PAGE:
Maidenly modesty, she assured her inner voice sanctimoniously, and was giggling as she let herself into Penny's bedchamber.

'You've been ages,' Penny remarked. She was sitting up in bed and looked considerably better. 'Have you been exploring?'

'I've been getting a backache trying to remove the mud from this.' Rowan hung the pelisse in the clothes press. 'And flirting with Lord Danescroft's valet.'

'What?' Penny hopped out of bed, gaping. 'Truly? The one who winked at you?'

'Well, not the one who was his wife's lover, that's for sure. I don't know what it is about that man-he appears to employ valets of a decidedly amorous disposition. This one-call me Mr Lucas, if you please-crept up behind me in the brushing room and then almost kissed me, after telling me I looked delightful.'

She perched on the end of the bed and Penny sank down beside her, wide eyed. 'But I got in some telling remarks. I told him that you were devoted to your stepmother, even though she was quite frightful, and pined because she was not here and would probably expect your future husband to allow her to live with you.'

'Brilliant,' Penny said admiringly. 'That should put him off.'

'And then I implied that you were on the catch for a rich husband because the family was much in need of funds, hinted at some scandalous reason why that was so and had a sudden attack of discretion. I stopped at the most intriguing point, trust me. He must think you a family of hardened gamesters at the very least.'

'Wonderful. Much more of that and I will not need to worry about convincing Papa of Lord Danescroft's unsuitability-he will not consider proposing to me for a minute.'

'I know.' Rowan permitted herself a moment's smugness, then caught sight of the clock. 'Goodness! Look at the time-and we both have to change.'

'Apparently she is devoted to her stepmother.' Lucas stood back and eyed Will critically, clothes brush in hand. 'What the devil have you done to that neckcloth?'

'It's a Waterfall.'

'It's a mess. Here, let me. Sit down again.' A minute passed, the silence broken only by the Earl protesting faintly that he was being strangled and Lucas's crushing remarks on the quality of the starch in the muslin. 'There.'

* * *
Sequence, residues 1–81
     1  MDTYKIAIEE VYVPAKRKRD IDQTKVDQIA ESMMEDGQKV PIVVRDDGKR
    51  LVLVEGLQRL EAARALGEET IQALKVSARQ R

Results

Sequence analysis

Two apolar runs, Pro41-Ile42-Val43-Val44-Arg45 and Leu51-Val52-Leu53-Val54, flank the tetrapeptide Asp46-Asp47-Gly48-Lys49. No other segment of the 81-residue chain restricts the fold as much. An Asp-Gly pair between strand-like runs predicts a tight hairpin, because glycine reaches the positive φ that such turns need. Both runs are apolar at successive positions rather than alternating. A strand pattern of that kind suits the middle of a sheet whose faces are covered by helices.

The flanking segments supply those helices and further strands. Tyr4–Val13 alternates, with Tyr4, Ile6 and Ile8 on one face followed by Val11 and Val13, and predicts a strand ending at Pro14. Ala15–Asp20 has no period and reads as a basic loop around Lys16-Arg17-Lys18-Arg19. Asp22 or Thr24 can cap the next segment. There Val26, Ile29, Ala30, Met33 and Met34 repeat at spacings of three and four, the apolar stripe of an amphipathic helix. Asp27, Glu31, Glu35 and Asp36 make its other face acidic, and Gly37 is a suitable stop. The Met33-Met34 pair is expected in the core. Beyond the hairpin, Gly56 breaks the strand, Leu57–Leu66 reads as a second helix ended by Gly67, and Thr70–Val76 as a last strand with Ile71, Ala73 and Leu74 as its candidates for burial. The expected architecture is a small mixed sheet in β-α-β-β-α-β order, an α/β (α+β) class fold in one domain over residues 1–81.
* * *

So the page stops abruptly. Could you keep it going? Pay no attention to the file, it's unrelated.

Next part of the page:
'Hmm. I'm not convinced, but I refuse to go through that again. Really? Devoted, you say?'

'By the sound of it she is as much a trial at home as she is in Society. Apparently Miss Penelope will want her to live with her once she is married.'

'Over my dead body. You've been very busy.'

'A pleasure, I assure you. Miss Maylin has a most superior Abigail, with a straight little nose, big hazel eyes and a crushing way with flirtation. I am, let me tell you, a libertine.'

The warmth that he had discerned in Will's eyes vanished. 'It is no doubt the general assumption that I employ such men.'

There was not a great deal to be said to that. Lucas lifted a waistcoat and held it out for Will to shrug into. 'She also let slip that her mistress is on the hunt for a wealthy match.'

'We knew that.' Will stuck a cravat pin into the folds of his neckcloth and pushed his watch into the fob pocket.

'But not why the family is in such straits-unless your grandmother dropped a hint.'

'Indeed not.' His friend paused, hairbrush in hand. 'I assumed they were simply a minor branch of the family without inherited wealth. What's the story?'

'I must confess I do not know. The charming Miss Daisy was seized with a fit of discretion at that point.'

'Daisy, eh?' Will had warmed up again. Lucas kicked himself mentally: the wounds must be raw indeed for him to take up every hint that might refer to his late wife. 'Seducing servants, are you?'

'Of course not.' Lucas shook out the midnight-blue swallowtail coat and helped Will ease into it. 'Merely getting on terms with our best source of information.' He regarded the Earl, elegant and immaculate. 'You'll do. In fact, you'll probably do only too well. I don't suppose you'd consider developing a revolting personal habit to put her off?'